10 best Shakespeare movie adaptations
Although William Shakespeare formed the basis of much of what we consider modern English and created a theater of poetry and intellectual insight still unmatched today, it is difficult to translate his particular magic into cinema. . Whether it’s because something is lost of the elemental energy that exists between the live actors and the audience or the film comes with some expected aesthetic considerations that just don’t fit the bard’s language is debated. but the cinematographic adaptations of his works which work are few. and far in between. Fortunately, there are a few filmmakers who have been able to capture what makes the plays so special, and below we list 10 of Shakespeare’s best adaptations.
ten Ran (1985)
In this adaptation of King Lear, Tatsuya Nakadai plays the old Lord Hidetora Ichimonji, a ruler who chooses to abdicate his throne and divide his land between his three sons, plunging his country into a war that ends up consuming his reason and his life.
Run (which translates to “chaos” or “turmoil”) is Akira Kurosawa’s end-of-life masterpiece and is frequently featured among the greatest films ever made. A family drama that unfolds on a large scale, Run is a visually stunning and heartbreaking epic of human cruelty with few rivals in cinema.
9 My Own Private Idaho (1991)
Loose adaptation in the extreme of Gus Van Sant’s Henry IV stars River Phoenix as a gay sex worker with narcolepsy. When he crosses paths with the son of a rebel politician (Keanu Reeves), the two hit the road, traveling from Portland to Idaho to Italy on a journey of tricks and self-discovery. The two stars are at their peak, and Van Sant’s remix of Bard’s poetry makes for a lavish and sexy road movie that’s as thoughtful as it is fresh.
8 Hamlet (1996)
In an act of extreme madness or genius, depending on your perspective, Kenneth Branagh directed and starred in this screen treatment of Hamlet which featured Shakespeare’s completely unabridged script. The resulting 242-minute opus will test the patience of even the most die-hard purists, but it features a cast of some of the best talent ever assembled for a project, including Derek Jacobi, Julie Christie, Charlton Heston. , Judi Dench, Gérard Depardieu, John Gielgud and a young Kate Winslet.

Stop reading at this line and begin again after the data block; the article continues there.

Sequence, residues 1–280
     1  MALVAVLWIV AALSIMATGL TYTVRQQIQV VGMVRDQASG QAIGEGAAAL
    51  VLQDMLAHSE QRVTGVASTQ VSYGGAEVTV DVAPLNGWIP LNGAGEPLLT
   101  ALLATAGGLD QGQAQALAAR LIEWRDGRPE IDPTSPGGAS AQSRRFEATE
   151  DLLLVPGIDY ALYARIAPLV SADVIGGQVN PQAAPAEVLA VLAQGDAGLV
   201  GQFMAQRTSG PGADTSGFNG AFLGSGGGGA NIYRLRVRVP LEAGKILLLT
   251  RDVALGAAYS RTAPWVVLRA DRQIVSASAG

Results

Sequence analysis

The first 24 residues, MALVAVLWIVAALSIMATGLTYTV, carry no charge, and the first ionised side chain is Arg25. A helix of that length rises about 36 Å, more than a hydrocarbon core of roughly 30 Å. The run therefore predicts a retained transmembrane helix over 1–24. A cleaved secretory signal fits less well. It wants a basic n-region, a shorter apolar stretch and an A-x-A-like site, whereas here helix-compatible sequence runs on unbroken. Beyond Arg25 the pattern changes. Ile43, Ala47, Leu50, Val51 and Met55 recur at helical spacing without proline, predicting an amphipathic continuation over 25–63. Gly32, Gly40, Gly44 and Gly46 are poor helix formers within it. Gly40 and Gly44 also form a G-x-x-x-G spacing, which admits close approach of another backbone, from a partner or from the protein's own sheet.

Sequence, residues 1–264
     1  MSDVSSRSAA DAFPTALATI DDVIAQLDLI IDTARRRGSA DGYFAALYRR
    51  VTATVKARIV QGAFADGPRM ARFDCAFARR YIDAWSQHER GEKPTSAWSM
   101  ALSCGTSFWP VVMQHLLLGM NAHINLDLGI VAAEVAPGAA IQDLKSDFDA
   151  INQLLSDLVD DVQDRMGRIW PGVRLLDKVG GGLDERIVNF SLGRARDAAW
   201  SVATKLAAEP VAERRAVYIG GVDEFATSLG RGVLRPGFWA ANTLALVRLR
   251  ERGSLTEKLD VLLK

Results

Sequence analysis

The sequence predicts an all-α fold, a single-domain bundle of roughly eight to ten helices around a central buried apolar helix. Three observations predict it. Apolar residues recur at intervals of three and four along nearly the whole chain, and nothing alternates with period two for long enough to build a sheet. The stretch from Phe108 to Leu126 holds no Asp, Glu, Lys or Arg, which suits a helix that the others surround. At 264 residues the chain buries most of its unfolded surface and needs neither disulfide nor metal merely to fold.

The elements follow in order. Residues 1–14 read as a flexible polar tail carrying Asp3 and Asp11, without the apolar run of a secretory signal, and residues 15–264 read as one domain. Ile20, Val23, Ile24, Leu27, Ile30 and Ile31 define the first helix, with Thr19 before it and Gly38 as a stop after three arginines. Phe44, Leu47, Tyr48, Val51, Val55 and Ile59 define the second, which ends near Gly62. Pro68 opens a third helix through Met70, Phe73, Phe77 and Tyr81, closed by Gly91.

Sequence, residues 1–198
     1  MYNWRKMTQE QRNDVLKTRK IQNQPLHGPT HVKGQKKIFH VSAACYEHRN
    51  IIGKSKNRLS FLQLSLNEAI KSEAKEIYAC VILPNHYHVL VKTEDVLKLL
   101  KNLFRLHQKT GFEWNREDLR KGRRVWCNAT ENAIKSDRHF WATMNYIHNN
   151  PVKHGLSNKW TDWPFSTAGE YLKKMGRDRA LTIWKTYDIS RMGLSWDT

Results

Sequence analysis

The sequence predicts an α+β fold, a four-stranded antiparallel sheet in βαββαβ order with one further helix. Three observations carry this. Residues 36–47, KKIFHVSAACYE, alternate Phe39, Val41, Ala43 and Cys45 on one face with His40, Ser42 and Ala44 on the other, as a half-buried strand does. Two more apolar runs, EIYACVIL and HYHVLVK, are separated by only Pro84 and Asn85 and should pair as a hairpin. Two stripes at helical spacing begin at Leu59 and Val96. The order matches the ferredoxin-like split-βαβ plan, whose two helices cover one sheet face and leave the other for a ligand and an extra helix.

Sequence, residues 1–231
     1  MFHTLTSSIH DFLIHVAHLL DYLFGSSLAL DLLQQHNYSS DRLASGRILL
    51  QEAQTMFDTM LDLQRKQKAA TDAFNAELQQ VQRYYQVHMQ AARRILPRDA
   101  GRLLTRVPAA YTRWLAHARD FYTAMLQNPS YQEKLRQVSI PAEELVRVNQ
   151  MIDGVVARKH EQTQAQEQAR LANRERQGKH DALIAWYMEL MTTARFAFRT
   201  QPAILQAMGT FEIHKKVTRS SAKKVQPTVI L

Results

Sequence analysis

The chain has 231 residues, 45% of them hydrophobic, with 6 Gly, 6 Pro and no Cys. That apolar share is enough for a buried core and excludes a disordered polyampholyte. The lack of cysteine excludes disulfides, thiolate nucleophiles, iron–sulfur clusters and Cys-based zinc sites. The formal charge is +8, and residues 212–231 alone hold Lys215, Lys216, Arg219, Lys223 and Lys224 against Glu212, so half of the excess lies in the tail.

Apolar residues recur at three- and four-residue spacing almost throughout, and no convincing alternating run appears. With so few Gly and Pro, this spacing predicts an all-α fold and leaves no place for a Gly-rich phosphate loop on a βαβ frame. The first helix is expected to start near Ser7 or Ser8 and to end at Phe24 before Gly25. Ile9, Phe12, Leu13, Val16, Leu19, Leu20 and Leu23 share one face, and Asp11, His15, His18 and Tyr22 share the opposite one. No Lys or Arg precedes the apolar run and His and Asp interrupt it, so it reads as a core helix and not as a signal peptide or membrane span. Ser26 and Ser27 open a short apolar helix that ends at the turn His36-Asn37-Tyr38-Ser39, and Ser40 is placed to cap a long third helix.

While Branagh might not be reinventing the wheel as a director, you have to admire his ambition, and Hamlet is far more touching and watchable than a four-hour speech-a-thon is allowed to be. .
7 Romeo and Juliet (1968)
Although there is a lot to like about the modern and wacky version of Baz Luhrmann Romeo and Juliet, the interpretation of the time by the late Franco Zeffirelli is the most faithful to the heart of history. Starring a handsome boy group Leonard Whiting and then 15-year-old Olivia Hussey as the titular Cursed Lovers, this Italian production remains Shakespeare’s last film to date nominated for Best Picture at the Oscars.
6 Titus (1999)
Before she was declared some sort of persona-non-grata for her catastrophic work on Spider-Man: Put Out The Dark, Julie Taymor lived up to the notoriety and prestige of her visionary staging of Disney’s The Lion King and directed this equally inventive film by Titus Andronicus, one of Shakespeare’s meanest and least beloved works.